Another analytical category that emerged was the difficulty in establishing clinical diagnoses in contexts of cultural diversity, particularly in psychiatric units. The critical analysis of the categories of diagnosis of western classical psychiatry applied to different cultures has led to a focus on the difficulties of comparative studies of culturally differentiated ethnic groups. Diagnosis across cultural boundaries has become a practical rather than an esoteric matter as migration, the number of effective psychiatric therapies, and access to psychiatric care have increased. Cross-cultural diagnosis involves such theoretical considerations as diagnostic categories, pathoplasticity of psychiatric disorder, culture-bound syndromes, “emic” “(intracultural)” versus “etic” (cross-cultural) conceptual frameworks, and different reporting of symptoms and expression of signs from one cultural group to another [15].

Explanatory models of mental illness are likely to vary from culture to culture, depending on beliefs about normative development and the relative value of different behaviours in a culture. Every culture has a rich set of idioms for the expression of distress aimed at mobilizing an effective social response [16,17]. From the perspective of cultural psychiatry, culture influences the sources, the symptoms and the idioms of distress; the individuals’ explanatory models, their coping mechanisms and their help-seeking behaviour; as well as the social response to distress and to disability [18].

The prevailing approach considers that the diagnostic categories of western classical psychiatry are universally valid as nosological categories, despite some local variations in terms of the expression of symptoms. Subjacent to that is an organizational and biological perspective of mental illness which, although shaped and influenced by social-cultural contexts, has a biological expression that is independent of cultural diversity. However, some theoreticians consider that the cultural validity of psychiatric diagnoses, applied to specific populations, implies that the nosological criteria need to be redefined or even restructured according to the several cultural matrixes analysed. There is always the possibility of having a conceptual and analytical deviation when a determined pathology is classified/diagnosed in a determined cultural context and is based on diagnostic categories produced by another culture, thus leading to a fallacy of category [19]. Nurses in contexts of clinical practice in psychiatric units tend to integrate that dominant biomedical model. However, the difficulties in interpreting the seemingly dysfunctional behaviour of patients do emerge and are the subject of critical examination:

• Case 7—“An immigrant woman from a completely different culture, with almost no shared characteristics, was hospitalized after being diagnosed with a ‘psychotic break’. She had very bizarre behavior and had no knowledge of the Portuguese language··· As time went by, with more up-close and direct nursing care, having contact with relatives of the same nationality, we realized that we were very unskilled in the analysis of her behavior in light of her culture and that the symptoms presented had not been well understood··· Probably the patient had not been ‘well diagnosed’ and the changes she presented were not psychotic in any way···”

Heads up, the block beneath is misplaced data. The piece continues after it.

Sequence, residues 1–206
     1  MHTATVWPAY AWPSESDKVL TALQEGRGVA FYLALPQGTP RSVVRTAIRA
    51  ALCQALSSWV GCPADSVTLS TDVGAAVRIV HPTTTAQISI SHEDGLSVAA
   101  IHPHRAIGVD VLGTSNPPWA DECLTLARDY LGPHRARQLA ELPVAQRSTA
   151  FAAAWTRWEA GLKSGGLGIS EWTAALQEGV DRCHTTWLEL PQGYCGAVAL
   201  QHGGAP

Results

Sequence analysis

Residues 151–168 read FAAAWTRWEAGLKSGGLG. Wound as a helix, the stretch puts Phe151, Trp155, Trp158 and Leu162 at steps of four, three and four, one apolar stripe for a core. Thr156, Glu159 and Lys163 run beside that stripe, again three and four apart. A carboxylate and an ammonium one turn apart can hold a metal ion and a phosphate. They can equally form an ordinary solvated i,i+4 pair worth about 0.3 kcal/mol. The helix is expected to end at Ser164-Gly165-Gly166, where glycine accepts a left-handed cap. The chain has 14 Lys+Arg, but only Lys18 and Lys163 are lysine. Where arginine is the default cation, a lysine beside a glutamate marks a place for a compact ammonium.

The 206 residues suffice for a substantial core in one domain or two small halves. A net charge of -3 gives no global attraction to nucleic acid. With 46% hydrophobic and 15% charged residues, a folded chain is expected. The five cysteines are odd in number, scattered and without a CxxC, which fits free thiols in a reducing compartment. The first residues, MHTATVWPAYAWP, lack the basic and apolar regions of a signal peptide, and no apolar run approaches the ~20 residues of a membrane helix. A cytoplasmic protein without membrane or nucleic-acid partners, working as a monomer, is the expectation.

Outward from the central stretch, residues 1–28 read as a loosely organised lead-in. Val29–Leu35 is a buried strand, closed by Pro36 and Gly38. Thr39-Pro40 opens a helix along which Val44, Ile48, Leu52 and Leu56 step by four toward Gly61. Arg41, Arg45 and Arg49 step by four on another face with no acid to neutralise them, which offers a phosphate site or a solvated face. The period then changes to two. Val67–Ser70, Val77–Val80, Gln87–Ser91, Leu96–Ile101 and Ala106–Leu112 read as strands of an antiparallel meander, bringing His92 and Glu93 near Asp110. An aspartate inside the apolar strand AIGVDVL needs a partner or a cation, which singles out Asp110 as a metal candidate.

In Portugal, the training of psychiatric and mental health nurses consists of a four-year-long broad undergraduate degree, followed by a two-year specialized graduate degree. This means that psychiatric and mental health nurses work in diverse health units, both in hospitals and primary care. This experience is innovative since it allows the development of mental health care within other medical specialties. This study reveals how mental health units show greater sensitivity to multicultural issues in comparison to other nursing units. Mental health nurses who are placed in multi-specialty teams can contribute to a larger promotion of culturally sensitive health care across the entire health system. This study also highlights a few key issues that are important for mental health and psychiatric nurses such as space-organization, therapeutic environment management, and culturally distinctive ways of communication.

Through the analysis of the narratives we may see that the nurses involved in critical incidents, and the health teams to which they belong, use, in their daily practice, types of cultural sensitivity that are not always structured, using tools of negotiation, flexibility or even creativity in the management of the difficulties of cultural divergence. However, this organizational flexibility is strongly mediated by the clinical settings in which it takes place—it tends to be broader when the care is not carried out in more technologically sophisticated contexts like Emergency Units, Operating Rooms and Surgery. In other words, flexibility and respect for cultural specificity in care are more visible when clinical interventions are seen as accessories (and therefore negotiable), as in situations in which there is no immediate life risk for the patient. Such is the case of psychiatry and maternity services.